Welcoming fire fairy lights in the distance

Welcoming fire fairy lights in the distance

Leg 6: Chapel Stile to Tilberthwaite 6.5 miles, 2hrs 21mins 27secs (Total: 46.5 miles, 13:24:15). A Long, wet, slow slog to the next check point. We seem to be passing people that passed us 30mins ago, then they re-pass us. One guy is also on his first ultra (randomly camping next to us) and the two ladies (268 and ???) who we seem to meet at most check points. The ladies pull out some good pace and we don’t see them until the finish. We group up with our neighbour and his friends (acquired on route) until the next CP. Lesson 6: Ultra-runners are friendly. Even the fast ones.

Leg 7: Tilberthwaite to Coniston 3.5 miles, 1hr 25mins 49secs, (Total: 50miles 14:50:04). The slowest, most technical 3 miles I have ever run! To prove the point mountain rescue / air ambulance had to help one runner! I just hope he didn’t slip down the 20 foot, rocky drop in the torrential rain… the path is now a steady stream flowing over our feet. We pick our way through 2.5 miles of slippery, rocky, madness…finally reaching tramac and finish with a 0.5 mile “sprint” at 8min miles. The legs still work! Lesson 7: Don’t underestimate the last “little bit”!

Cold, wet and very very happy!

Cold, wet and very very happy!

Finish: 50 miles, 14hrs 50mins 4secs (approx. 10,000 ft ascent). Amazing applause as we arrive into the hall. Feels like almost all of the 200 odd people ahead of us are there to cheer us in! We finished in the top half- awesome! Legs and cardio feel fine… but I’m freezing cold and in need of some sleep. If the race started earlier in the day I could run some more, but the conditions have the better of me. Time for a warm bowl of pasta, some dry clothes and a little sleep (in the car!). Lesson 8: Take a tent that doesn’t leak and sleep for more than 3 hrs!

In short, we loved every minute of it and are already figuring out how to shave time off the next attempt! I’d love to complete it in 12hr30min and be home by midnight. That might be too ambitious. However, it will be post MDS, Mike may have completed a normal marathon (this is currently his only official race) and we’ll have a few other ultras under our belt. In fact, maybe we’ll do the 100….. 😉

Sticking to the Game Plan

28C and 10k…. Shouldn’t be an issue for someone running the MdS.

Well, that’s if they stick to the plan and stay injury free.

Sunday saw my first entry into a 10k race. This might be surprising, but I’ve never really run a 10k properly- obviously I have covered that distance many times, but I’ve never raced it!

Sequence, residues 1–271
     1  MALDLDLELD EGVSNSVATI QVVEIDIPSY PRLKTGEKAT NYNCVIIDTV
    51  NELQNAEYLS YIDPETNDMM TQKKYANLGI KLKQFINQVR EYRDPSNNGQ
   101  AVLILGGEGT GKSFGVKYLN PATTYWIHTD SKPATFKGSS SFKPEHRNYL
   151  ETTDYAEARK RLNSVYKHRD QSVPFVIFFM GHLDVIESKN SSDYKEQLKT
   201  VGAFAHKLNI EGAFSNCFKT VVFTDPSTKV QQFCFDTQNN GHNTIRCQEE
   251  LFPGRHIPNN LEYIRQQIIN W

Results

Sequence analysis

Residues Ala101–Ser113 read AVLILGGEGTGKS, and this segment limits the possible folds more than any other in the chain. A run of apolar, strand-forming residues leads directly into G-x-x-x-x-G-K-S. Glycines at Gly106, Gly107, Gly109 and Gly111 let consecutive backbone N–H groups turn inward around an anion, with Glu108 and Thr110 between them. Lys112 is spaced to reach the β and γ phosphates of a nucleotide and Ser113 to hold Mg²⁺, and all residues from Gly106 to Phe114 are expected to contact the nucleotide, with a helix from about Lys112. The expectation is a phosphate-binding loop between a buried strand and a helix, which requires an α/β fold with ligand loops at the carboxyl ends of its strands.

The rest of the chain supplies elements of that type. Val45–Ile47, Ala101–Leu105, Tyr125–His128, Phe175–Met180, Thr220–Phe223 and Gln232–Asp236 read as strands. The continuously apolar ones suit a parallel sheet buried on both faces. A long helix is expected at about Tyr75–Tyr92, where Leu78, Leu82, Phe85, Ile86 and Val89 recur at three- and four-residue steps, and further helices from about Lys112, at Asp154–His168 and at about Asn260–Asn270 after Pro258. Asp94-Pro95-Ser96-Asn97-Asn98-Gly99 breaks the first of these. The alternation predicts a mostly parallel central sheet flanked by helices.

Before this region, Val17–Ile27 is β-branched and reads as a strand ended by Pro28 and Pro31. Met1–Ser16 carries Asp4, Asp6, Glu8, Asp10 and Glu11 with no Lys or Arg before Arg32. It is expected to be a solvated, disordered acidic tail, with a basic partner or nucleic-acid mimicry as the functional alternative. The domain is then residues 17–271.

I arrived at The Hurst in Tadley with sub-45min in mind. That would be 7:15 splits. ‘Should be fine’ I thought, it then started to warm up and I began to contemplate whether I should really push for that (with a niggle in my calf) or whether I should just trot around and enjoy it. Anyway, as the start arrived and we assembled at the starting line I could hear people chatting about the first half being mainly down hill and how they don’t usually make a negative split at Tadley, as the first half is so much easier. Hmmm… Maybe I could bank a couple of 7minute miles and then cruise the last half! Oh, there’s the klaxon- GO! And I off I shot!

What a stupid idea- I went off at 6:45 pace, caught up in the excitement of the start and enjoying (as the guy described it) a forgiving down hill start to the 10k. I eventually settled into a nice 6:45-6:50 rhythm for the first 5k. Maybe this could be achievable, maybe I could get way under the 45min target! And then BOOM- I blew up, my legs went dead, concentration was shot an I couldn’t run at a good pace.

20130710-150924.jpg

For the last 2miles it was about hanging on, plodding 8minute miles whilst the world and it’s mother started pouring past me! A number of v60 runners, a guy pushing his toddler in a pram and (annoyingly!) lots of people running 45min 10ks who had paced themselves correctly!

Lesson 1: stick to your game plan
Lesson 2: what works for the guy at the start line does not work for me
Lesson 3: it’s hard work running in the heat
Lesson 4: consistency is the key
Lesson 5: don’t run a 10k on the hottest day of the year an try to run a PB

All of these are key to success in the desert! I just need to remember them, not be tempted to copy others and not stray away from my game plan!

3weeks until the Lakeland 50! I hope it cools down before then… either way, I’ll definitely be sticking to the game plan!